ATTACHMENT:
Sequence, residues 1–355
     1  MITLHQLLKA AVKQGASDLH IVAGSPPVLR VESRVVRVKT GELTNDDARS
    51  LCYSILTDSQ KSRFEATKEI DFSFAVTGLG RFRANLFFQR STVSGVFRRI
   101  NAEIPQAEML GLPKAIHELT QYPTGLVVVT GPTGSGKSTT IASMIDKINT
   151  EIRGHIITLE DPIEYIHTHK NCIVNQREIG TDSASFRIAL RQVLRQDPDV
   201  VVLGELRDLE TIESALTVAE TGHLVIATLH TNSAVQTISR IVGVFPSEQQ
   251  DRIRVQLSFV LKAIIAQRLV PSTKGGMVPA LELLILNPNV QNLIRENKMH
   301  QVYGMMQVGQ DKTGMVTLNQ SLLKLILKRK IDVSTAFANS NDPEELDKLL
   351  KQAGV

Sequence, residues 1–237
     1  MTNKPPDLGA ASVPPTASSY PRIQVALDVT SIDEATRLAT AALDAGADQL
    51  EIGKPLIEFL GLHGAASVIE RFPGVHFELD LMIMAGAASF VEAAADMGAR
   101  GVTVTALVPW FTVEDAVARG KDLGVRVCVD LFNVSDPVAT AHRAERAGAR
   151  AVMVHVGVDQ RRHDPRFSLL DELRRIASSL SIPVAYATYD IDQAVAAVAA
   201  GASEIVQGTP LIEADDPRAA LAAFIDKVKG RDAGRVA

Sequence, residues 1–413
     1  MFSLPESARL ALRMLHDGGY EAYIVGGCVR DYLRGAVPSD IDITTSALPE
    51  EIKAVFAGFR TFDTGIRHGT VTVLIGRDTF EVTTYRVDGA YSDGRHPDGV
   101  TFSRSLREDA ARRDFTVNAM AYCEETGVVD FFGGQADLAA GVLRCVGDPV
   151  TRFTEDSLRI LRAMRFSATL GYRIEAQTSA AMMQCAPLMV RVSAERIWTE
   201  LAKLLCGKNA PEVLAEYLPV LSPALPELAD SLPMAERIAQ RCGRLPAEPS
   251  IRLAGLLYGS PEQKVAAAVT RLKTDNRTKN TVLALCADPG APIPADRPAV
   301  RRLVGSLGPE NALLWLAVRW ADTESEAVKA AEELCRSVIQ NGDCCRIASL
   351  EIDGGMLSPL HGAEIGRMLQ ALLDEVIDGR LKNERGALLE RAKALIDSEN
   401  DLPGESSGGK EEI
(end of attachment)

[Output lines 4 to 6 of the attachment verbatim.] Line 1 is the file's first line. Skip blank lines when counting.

   101  NAEIPQAEML GLPKAIHELT QYPTGLVVVT GPTGSGKSTT IASMIDKINT
   151  EIRGHIITLE DPIEYIHTHK NCIVNQREIG TDSASFRIAL RQVLRQDPDV
   201  VVLGELRDLE TIESALTVAE TGHLVIATLH TNSAVQTISR IVGVFPSEQQ